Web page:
With Hearts Linked Together
Joean Oon Siew Kee, Eco-Enzymes,
and the Philosophy of Relationships
To learn about the work of Joean Oon Siew Kee,
with eco-enzymes, please click here
for a small pamplet in pdf form
Heart, Hands, and Head
Joean Oon Siew Kee believes that eco-enzymes are a tool for helping build ecological civilization in local communities. Eco-communities are built on healthy relationships between people, animals, and the earth. They are creative, compassionate, participatory, culturally diverse, and spiritually satisfying, with no one left behind. She uses the word "happiness" often in her talks. In such communities, she says, people are happy, families are happy, friends are happy, and the earth is happy. She describes her own work as originating from feelings in the heart (compassion, care, connection) combined with practical, bodily action. She adds that these two areas of life must be combined with, in her words, "thinking" about who we are and who we can be. What might it be like to "think" in a way that complements the good work of the heart and hands? Those of us involved with the Center for Process Studies and IPDC suggest that it is to think in terms of "relationships" and "hearts linked together." (Jay McDaniel)
With Hearts Linked Together
The Institute for Postmodern Development of China invites us to travel the path of Tong (通). The word Tong is composed of two parts -- walk and road – suggesting the idea of walking on a road, with our own footsteps helping create the path. The Chinese government speaks of five kinds of Tong, one of the most important of which is walking on a road “with hearts linked together” (Xin Tong).
This phrase has deep meaning to those of us influenced by process (constructive postmodern, open and relational) philosophy, because we believe that our hearts are already linked together at the deepest level – linked with one another, even if we are not friends, linked with the more than human world, and linked with Heaven.
Xin Tong invites us to think of ourselves as walking a road with “hearts linked together” in appreciating the beauty of the world, in taking seriously the threats we face today, in hearing the call of Heaven to be world-menders, and in being world-menders. IPDC is a world-mending enterprise and, more than that, a world-mending community.
What is remarkable about IPDC is not only its many accomplishments: the conferences, the visiting scholars, the essays and articles, the books. The achievements are more than anyone could imagine. But what is equally remarkable is also the network of Tong-seeking people IPDC now brings together: Chinese and American and from others countries as well.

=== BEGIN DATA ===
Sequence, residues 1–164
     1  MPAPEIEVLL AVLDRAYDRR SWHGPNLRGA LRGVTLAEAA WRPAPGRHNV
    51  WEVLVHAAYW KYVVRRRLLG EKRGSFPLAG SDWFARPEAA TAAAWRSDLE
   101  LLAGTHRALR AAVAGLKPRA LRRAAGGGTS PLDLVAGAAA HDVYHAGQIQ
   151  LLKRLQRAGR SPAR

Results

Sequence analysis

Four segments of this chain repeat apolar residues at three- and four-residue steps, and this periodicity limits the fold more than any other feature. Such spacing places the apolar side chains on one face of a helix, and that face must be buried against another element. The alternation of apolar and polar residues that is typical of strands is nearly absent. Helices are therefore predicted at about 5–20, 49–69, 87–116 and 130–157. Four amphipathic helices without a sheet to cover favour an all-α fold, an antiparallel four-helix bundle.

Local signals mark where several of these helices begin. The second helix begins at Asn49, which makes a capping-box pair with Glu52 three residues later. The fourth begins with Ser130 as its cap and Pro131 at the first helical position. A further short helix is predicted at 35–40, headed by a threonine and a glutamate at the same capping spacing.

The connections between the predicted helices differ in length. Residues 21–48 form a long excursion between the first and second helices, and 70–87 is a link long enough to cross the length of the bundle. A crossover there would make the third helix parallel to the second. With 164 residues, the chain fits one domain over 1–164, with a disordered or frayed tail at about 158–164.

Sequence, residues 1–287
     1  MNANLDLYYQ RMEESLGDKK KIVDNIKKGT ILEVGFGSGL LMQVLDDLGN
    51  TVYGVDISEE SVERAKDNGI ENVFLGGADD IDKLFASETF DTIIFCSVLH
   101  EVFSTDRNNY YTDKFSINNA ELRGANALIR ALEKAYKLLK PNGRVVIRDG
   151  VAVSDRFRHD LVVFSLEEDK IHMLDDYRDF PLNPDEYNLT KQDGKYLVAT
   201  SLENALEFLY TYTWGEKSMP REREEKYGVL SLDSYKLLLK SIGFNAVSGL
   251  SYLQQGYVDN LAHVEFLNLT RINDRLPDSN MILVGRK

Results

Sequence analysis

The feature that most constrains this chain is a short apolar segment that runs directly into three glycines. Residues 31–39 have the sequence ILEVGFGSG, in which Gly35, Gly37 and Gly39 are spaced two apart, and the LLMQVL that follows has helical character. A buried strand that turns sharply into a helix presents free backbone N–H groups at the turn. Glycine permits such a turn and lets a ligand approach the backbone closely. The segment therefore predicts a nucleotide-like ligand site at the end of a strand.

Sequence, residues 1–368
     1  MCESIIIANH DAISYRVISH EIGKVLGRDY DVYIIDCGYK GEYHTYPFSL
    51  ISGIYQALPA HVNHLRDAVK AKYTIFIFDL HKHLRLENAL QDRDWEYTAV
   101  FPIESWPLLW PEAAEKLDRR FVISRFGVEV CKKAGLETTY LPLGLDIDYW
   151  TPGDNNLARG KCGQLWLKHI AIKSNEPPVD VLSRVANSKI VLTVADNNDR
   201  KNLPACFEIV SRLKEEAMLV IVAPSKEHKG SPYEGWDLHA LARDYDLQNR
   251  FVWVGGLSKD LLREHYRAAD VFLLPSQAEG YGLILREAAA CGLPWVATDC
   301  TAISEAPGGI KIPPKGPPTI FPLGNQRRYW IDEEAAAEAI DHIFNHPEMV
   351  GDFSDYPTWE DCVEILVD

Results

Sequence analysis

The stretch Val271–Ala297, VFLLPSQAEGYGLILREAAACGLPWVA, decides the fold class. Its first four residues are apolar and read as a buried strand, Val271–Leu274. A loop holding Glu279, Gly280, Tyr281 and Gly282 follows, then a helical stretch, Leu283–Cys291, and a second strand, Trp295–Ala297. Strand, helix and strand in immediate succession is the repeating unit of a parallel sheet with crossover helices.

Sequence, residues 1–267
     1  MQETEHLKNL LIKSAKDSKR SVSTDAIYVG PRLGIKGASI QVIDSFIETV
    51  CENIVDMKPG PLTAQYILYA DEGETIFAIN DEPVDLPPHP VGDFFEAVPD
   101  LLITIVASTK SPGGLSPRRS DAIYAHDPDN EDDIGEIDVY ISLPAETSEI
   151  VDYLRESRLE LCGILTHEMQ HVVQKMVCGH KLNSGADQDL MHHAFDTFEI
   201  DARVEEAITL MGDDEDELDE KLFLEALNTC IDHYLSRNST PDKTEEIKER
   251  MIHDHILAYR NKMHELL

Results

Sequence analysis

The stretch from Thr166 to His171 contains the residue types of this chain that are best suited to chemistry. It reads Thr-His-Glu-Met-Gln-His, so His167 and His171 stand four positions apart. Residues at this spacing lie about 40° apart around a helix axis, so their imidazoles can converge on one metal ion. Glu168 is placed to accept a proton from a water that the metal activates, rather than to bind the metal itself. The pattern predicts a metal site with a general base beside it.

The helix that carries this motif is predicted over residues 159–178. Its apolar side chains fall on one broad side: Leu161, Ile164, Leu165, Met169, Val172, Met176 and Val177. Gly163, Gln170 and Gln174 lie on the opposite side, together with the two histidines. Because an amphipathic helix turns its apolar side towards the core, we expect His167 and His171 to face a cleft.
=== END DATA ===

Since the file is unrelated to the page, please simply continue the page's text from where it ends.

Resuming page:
IPDC is a world-mending enterprise and, more than that, a world-mending community. What is remarkable about IPDC is not only its many accomplishments: the conferences, the visiting scholars, the essays and articles, the books. The achievements are more than anyone could imagine. But what is equally remarkable is also the network of Tong-seeking people IPDC now brings together: Chinese and American and from others countries as well.
The Philosophy of Relationships
Relationships are the spiritual web of our lives. The crucial strands of family, intimate relationships, marriage, friends, community, nature, and place and the wider world.
The quality of our spiritual lives is measured by these essential bonds. Indeed, our relationship with with God is reflected and expressed in these and other relationships.
They are the essential meaning and miracle in our days. They are the arena in which we exercise our values and express our visions.
Relationships enrich our lives with intimacy, purpose, healing, and wholeness. They also draw out our fear, anger, envy, hatred, pain, greed, and shame. Through inner work, we can befriend the shadow, face death, and renew our spirits.
As we explore our relationships and the feelings that come with them, we find that they are hitched to everything else in the world. We are parts of the whole and obligated to love both the familiar and the mysterious, often fearsome “other.”
Although terrible and divisive forces may eat away at our relationships, the spiritual web can never be destroyed. The Spirit sustains us as we patch and reweave the web again and again.
Finally, relationships are our training ground. “Being human is an accomplishment like playing an instrument.” Michael Ignatieff once observed. “It takes practice.” Through our connections with the whole and the holy, we learn how to be fully human. (Frederic Brussat, Spirituality and Practice)